Opinion: Dispute between MLB team owners and players continues

01/02/2022 - The battle between the 30 MLB team owners, represented by commissioner Robert D. Manfred, and the Players' Association (MLBPA) led by Tony Clark continues to this day.

To date, no concrete agreement has been reached and the two parties continue to demand modifications to the Collective Bargaining Agreement (CBA), which governs the current rules, salaries and finances. This contract expires every 5 years and, although in most cases an agreement is reached before its expiration date, in some cases the disputes continue until the next season is in jeopardy.

It is important to explain that when both parties do not reach a solution in time, generally the team owners lockdown the players from playing and freeze their salaries until a new agreement is approved. Another alternative is to extend the current CBA temporarily and resume operations while negotiations continue, and the third situation would be a strike by the players refusing to play until a reconciliation takes place as happened in 1994.

In 1994, a similar situation occurred that led to a players' strike in the middle of the regular season ending it prematurely and canceling the entire postseason including that year's World Series.

Let's remember that, as the regular season in the United States ended prematurely, the influx of MLB players to winter leagues in Venezuela, Mexico, Puerto Rico and the Dominican Republic was enormous and we were able to see teams like the Dream Team of Puerto Rico that participated in the 1995 Caribbean Series. If you want to read about my experience with my dad in that series, be sure to read the article by following the link Panic and Reverie.

The truth of the matter is that we are just days away from the start of spring training and almost two months away from the start of the Big Show and the situation is alarming since the owners of the 30 MLB teams have maintained a blockade since December 2nd and the meetings with the baseball union have not achieved any concrete progress.

Since 1994, where there was a strike by the ballplayers' association, team owners have dominated negotiations leading to a decrease in ballplayers' salaries by as much as 6.4% since 2017, there being 417 players (62%) who have salaries below 1 million USD and 316 (35%) earn less than 600,000 USD while MLB revenues have tripled since 2001, i.e. teams earn more money and players less according to AP data.

The current pandemic has not helped either. In 2020, team owners signed an agreement with the players' association that in the event that 1/3 of the regular season was played, players would receive 1/3 of their regular salary. Although after the agreement, the commissioner and the team owners tried to renegotiate the players to lower salaries, alleging that the teams would lose billions of dollars by playing without fans and behind closed doors, and although they did not succeed, they did delay the start of the season, which led to a shorter championship and they were able to pay much less money to the players.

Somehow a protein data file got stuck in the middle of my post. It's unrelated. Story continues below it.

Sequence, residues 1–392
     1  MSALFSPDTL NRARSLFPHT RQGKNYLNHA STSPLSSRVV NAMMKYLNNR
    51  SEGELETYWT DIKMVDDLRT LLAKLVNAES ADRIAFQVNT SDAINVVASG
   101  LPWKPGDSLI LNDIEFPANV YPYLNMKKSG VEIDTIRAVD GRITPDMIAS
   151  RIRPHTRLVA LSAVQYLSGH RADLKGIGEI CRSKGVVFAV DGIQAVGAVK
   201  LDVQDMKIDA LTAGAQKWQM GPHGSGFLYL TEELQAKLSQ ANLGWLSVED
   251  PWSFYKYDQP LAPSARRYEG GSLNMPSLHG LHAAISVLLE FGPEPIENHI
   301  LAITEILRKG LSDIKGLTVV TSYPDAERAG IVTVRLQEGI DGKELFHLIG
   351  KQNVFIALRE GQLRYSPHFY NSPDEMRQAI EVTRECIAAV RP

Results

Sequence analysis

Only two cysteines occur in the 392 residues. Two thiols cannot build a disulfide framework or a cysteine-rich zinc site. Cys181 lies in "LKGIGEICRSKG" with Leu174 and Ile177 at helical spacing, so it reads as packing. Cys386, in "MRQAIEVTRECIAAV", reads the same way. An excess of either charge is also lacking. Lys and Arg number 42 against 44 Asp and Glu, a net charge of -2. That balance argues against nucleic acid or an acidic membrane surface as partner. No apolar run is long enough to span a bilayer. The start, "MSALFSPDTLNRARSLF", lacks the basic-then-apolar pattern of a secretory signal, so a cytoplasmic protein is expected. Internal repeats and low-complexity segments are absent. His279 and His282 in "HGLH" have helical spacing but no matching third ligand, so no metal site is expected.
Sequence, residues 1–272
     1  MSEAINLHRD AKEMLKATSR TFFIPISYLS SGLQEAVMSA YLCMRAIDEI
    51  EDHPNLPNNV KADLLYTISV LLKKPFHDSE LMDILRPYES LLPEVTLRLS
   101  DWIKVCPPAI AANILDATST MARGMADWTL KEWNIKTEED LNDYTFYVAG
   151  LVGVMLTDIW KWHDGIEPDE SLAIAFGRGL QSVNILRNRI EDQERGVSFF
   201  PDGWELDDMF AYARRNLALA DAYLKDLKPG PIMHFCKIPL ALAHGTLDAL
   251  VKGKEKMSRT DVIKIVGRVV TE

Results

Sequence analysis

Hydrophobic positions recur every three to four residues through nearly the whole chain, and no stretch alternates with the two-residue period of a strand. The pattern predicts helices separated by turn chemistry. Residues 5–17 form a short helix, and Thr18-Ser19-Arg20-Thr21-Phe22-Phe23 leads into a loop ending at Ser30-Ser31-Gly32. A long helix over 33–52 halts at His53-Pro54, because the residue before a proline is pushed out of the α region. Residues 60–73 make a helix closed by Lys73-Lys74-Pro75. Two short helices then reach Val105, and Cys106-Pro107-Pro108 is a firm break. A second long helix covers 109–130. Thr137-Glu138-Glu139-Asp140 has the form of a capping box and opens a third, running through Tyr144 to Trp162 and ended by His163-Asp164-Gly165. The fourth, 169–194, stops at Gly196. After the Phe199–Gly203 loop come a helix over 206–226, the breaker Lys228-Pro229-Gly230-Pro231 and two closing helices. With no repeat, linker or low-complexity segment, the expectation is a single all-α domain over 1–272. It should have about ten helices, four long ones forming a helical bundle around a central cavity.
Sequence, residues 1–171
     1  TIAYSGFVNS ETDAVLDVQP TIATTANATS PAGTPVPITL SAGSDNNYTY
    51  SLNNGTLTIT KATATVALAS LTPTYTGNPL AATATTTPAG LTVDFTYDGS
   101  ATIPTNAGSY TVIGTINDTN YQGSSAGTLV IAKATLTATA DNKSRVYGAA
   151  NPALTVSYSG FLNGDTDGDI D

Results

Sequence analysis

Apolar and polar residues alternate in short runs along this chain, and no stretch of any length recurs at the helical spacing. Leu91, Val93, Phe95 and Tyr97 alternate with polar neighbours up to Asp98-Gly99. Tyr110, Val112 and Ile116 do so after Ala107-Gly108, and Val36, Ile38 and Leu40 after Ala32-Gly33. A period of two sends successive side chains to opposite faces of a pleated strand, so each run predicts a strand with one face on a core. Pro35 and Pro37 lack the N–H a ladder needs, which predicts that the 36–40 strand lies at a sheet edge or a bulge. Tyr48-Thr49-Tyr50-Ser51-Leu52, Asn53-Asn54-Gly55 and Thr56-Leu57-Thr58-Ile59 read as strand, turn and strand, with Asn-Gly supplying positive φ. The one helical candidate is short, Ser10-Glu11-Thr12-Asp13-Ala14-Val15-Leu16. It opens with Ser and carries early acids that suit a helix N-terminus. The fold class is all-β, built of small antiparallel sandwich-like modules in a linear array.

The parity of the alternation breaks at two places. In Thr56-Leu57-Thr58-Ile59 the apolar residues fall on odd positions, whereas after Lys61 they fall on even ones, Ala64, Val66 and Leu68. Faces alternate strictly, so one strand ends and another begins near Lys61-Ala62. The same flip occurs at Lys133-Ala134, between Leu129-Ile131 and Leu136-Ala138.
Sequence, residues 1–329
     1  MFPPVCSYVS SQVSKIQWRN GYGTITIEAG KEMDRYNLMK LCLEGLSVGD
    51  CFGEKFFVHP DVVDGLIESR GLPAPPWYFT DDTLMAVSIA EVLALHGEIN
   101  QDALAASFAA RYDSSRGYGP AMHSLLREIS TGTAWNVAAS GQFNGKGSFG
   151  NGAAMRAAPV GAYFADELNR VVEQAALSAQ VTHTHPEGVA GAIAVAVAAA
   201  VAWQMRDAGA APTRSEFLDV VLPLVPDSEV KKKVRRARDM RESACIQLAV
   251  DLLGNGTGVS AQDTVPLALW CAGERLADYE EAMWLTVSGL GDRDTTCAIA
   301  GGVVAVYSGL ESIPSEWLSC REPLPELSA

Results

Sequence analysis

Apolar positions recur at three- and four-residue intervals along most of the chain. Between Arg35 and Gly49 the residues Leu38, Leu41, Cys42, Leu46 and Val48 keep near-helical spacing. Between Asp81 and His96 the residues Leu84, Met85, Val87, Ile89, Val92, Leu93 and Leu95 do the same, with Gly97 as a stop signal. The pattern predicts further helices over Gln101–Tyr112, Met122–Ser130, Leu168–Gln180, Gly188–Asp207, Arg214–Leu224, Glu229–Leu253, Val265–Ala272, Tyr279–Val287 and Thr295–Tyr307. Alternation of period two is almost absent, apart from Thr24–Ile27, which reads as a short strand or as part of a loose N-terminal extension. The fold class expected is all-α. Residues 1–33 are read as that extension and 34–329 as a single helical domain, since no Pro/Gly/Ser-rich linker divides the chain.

This sat very badly with the players' association who felt that, once again, they were losing in the negotiations.

In addition to this continued disappointment on the part of the players' association, it joins many conspiracy theories from players alleging that MLB modifies the ball as it pleases when a batch of important players approach free agency, making it less streamlined so that hitters don't get good numbers and raise their market value - as Pete Alonso NYM claims - and vice versa as in 2019 with a ball that traveled more as many pitchers approached free agency.

Among other accusations is that team owners collude to manage the free agency market as they please, not offering million-dollar contracts to players and even creating unwritten rules among themselves to reach cheaper deals with free agents.

Today there is complete distrust from both sides and that is what has led to the longest lockout in MLB history.

Among the players' demands are:
  • Authorize a designated hitter (DH) in both leagues to generate more jobs.
  • Move up the free agency negotiating period.
  • Eliminate the luxury tax altogether.
  • Raise the minimum wage.
Among the demands of team owners:
  • Put a clock on pitchers to speed up the game.
  • Change the arbitration system.
  • Lower the luxury tax threshold, i.e. players will be more affected.
  • Increase revenue sharing.
  • Delay the free agency negotiating period.

Will they reach an agreement before spring training or the regular season begins? If history is anything to go by, no lockout has ever prevented the start of any season as both sides would lose considerable sums of money. So let's hope so and we can have and enjoy a full 2022 season.

Today, Tuesday, February 1st, there will be a meeting between MLB and MLBPA. Will they reach an agreement?

What do you think?


Written by: Berny Rodz

Picture: MLB